Courage's Approach to Sustainable, Relational Compassion

Love is foundational to justice work.

We see care, love and compassion as relational, motivational, responsive stances--not simply emotions--that orient our way of being in the world in harm-reducing and life-giving ways. The use of care is important because it signals that neither compassion--the capacity to be with and attend to suffering, harm or hurt-alone--nor love--the capacity to nurture, build connections and promote life-giving qualities like friendliness and joy--alone are enough. We need to deepen in both to sustain ourselves and also each other in the work.

We can strengthen or develop our capacity for love and compassion through explicit training, by cultivating or practicing those skills or building blocks of care and compassion, like attention, mindfulness, empathy and so forth. But we also learn to become more loving, more caring, more compassionate through the ways in which we are nurtured. Love, care, and compassion are fundamentally relational.

For that reason, we've developed a model for cultivating sustainable forms of care and compassion that relies on what we call the three modes of care: receiving care, extending care and deep self-care.

  • Receiving care practices help us learn to experience ourselves as objects (not just the subject) of care. The more we learn to sense ourselves as worthy of care, the more we can learn to extend that same quality of unconditional love and care to others in more sustainable ways.
  • Extending care practices help us learn to extend our capacity of care more reliably and more sustainably to people beyond our so-called in-group, to learn to recognize the ways in which our capacity for empathy is inhibited or obstructed by the ways in which we think or relate to others, or sometimes by the systems and social structures in place that inhibit our ability to really see other people.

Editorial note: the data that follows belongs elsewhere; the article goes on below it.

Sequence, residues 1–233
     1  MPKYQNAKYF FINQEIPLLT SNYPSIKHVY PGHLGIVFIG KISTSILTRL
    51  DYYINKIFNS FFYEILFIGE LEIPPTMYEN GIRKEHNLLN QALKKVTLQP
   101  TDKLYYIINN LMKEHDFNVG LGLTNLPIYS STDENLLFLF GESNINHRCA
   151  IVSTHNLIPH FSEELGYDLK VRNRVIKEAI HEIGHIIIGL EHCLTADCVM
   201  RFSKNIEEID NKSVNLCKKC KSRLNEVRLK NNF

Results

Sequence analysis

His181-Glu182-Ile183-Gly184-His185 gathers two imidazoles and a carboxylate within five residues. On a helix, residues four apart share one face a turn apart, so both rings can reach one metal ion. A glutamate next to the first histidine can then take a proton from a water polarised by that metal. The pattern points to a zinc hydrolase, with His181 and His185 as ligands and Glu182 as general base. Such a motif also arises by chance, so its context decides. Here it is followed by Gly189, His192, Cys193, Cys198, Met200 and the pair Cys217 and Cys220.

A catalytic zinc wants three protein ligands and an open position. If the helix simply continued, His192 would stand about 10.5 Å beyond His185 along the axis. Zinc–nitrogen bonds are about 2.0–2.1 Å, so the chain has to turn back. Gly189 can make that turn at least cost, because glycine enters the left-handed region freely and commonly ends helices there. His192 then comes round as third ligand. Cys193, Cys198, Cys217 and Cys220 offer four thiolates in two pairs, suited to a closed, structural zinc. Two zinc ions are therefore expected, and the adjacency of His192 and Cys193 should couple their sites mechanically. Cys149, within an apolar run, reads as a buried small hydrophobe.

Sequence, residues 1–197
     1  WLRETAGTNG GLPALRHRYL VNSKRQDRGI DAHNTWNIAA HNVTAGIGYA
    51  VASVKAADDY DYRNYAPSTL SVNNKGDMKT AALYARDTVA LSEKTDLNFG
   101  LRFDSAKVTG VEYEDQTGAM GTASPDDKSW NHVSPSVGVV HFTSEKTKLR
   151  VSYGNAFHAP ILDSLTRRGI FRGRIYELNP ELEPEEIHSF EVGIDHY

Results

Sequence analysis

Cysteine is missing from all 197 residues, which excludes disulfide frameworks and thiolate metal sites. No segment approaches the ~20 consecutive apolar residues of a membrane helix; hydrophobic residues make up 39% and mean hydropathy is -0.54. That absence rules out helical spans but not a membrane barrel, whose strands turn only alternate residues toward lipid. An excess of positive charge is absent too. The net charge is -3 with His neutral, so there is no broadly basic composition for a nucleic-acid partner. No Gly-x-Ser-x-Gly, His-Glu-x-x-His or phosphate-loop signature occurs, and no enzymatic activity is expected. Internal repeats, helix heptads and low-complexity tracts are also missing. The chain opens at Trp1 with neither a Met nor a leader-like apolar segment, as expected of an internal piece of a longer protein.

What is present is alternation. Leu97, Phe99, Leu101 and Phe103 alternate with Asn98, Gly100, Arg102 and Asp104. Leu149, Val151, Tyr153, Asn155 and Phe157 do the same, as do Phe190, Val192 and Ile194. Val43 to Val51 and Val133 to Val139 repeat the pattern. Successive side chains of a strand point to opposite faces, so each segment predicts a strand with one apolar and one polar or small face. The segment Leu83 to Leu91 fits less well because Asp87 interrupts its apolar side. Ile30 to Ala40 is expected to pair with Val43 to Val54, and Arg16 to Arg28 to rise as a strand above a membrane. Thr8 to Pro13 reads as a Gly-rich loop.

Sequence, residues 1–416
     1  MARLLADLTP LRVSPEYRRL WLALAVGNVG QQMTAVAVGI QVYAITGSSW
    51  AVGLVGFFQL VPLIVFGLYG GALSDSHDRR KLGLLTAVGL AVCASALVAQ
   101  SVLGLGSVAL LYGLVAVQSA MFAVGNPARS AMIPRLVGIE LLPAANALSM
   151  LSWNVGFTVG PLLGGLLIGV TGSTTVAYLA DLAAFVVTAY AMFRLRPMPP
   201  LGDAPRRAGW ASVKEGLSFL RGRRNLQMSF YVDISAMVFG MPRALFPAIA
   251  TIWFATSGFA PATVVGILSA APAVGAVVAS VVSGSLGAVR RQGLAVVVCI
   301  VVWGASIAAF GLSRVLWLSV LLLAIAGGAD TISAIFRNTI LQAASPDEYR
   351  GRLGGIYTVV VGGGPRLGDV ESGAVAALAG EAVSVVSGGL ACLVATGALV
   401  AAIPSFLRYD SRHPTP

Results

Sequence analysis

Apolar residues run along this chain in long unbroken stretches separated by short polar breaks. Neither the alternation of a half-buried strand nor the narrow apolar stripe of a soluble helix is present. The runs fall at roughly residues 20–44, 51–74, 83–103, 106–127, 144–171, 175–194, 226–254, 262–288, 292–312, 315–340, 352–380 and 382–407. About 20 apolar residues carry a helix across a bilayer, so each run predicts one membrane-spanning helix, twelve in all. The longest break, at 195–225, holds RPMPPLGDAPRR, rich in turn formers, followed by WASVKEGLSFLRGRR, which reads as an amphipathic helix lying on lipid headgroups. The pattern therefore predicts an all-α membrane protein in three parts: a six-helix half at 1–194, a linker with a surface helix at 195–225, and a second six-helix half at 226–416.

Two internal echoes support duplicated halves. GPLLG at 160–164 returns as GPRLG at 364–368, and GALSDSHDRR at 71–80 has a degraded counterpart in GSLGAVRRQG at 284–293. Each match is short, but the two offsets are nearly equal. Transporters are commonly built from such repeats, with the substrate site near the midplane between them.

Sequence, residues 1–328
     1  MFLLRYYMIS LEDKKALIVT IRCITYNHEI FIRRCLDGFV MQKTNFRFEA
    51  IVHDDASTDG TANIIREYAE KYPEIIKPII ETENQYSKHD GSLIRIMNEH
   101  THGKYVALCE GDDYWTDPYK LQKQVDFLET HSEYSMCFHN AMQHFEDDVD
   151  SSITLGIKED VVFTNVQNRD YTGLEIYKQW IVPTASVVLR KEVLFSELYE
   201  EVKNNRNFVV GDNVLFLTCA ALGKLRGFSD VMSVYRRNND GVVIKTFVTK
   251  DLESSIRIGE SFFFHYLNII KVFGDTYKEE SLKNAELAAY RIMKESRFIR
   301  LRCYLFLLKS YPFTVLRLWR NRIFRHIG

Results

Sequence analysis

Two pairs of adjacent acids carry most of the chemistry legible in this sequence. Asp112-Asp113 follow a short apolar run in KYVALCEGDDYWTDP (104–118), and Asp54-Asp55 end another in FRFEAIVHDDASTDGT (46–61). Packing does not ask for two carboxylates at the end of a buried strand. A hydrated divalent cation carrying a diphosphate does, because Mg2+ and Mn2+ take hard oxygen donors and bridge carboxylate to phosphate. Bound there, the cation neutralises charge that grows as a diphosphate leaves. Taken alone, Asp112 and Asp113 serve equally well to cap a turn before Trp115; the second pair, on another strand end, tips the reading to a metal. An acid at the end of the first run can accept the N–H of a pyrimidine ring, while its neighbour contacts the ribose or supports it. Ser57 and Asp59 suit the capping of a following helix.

• Deep self-care involves learning to be completely at home in our own minds and bodies. As we learn to "come home" more and more to ourselves, we learn to extend that same sort of welcome to others. We learn to be a place of refuge and of healing.

Our relational model attempts to reclaim the starting point of many spiritual, psychological, wisdom, and religious traditions, in which the fundamental starting point for learning to love--and even awaken--is in and through relationship. This model offers a critique to the highly individualistic framework of modern society, and of many contemporary healing modalities. On our view, individual approaches to health and healing are recipes for burnout.

The relational frame we offer invites us to come home, and to sense that we are already held in a network of love and care. We are held in community of carers across time and space who have been working to grow and sustain loving, equitable, creative, dynamic systems and communities for the benefit of all. The more and more we wake up to our deep sense of inter-connection, the more we gain a power, a courage, and a confidence to really step on this path in deep ways. In this way love becomes the engine of activism--it is not what makes us soft, but that which makes us powerful.

While this may seem primarily like a psychological intervention or approach, our inquiry into the three relational modes of care invites us also to consider ways in which we have learned that we are worthy or unworthy of care through cultural messages, governmental policies, organizational practices, and so on. In this way, this investigation into love also invites us to consider the work of love not only on a personal level, but also on an interpersonal, systemic and deep cultural level. We invite you to keep these various reflections alive as you move through the course.

This call to strengthen love is not a call to put on rose-colored glasses.

The truth is we have the capacity for love and compassion, but we can also be evil, competitive and violently harmful to one another and our planet. The evidence of this is all around. We are claiming that our essential nature — when we feel safe, held and seen—is caring. When we feel threatened, unappreciated, unvalued and alone, our propensity for selfishness, competitiveness, othering and greed surfaces. (Don't take our word for it -- test this out through your own experience in the course!)

We also emphasise love because we not only see it as foundational, but also as redemptive. Love is the force of healing. By learning to see that we all have the capacity for both love and violence, we can avoid the trap of seeing some of us as good and others of us as bad--we all have the propensity for healing and destruction. A stance of love invites us to embrace and hold all of us, and to call each other into new ways of being. Love speaks to the deepest potential in each of us, and learning to speak to the deepest potential in others is a skill we can strengthen.